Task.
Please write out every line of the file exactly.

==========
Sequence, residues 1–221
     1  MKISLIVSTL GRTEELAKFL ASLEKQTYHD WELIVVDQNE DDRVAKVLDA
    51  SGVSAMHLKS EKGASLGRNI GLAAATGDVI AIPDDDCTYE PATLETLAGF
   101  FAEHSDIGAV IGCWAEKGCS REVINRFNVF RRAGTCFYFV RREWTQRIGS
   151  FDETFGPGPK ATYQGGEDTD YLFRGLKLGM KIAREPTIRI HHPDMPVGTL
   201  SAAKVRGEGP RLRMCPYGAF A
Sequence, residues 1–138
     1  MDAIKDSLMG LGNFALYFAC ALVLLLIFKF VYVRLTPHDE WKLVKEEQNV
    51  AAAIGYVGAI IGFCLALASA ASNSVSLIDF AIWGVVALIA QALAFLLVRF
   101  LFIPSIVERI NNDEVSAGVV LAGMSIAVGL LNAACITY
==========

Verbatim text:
Sequence, residues 1–221
     1  MKISLIVSTL GRTEELAKFL ASLEKQTYHD WELIVVDQNE DDRVAKVLDA
    51  SGVSAMHLKS EKGASLGRNI GLAAATGDVI AIPDDDCTYE PATLETLAGF
   101  FAEHSDIGAV IGCWAEKGCS REVINRFNVF RRAGTCFYFV RREWTQRIGS
   151  FDETFGPGPK ATYQGGEDTD YLFRGLKLGM KIAREPTIRI HHPDMPVGTL
   201  SAAKVRGEGP RLRMCPYGAF A
Sequence, residues 1–138
     1  MDAIKDSLMG LGNFALYFAC ALVLLLIFKF VYVRLTPHDE WKLVKEEQNV
    51  AAAIGYVGAI IGFCLALASA ASNSVSLIDF AIWGVVALIA QALAFLLVRF
   101  LFIPSIVERI NNDEVSAGVV LAGMSIAVGL LNAACITY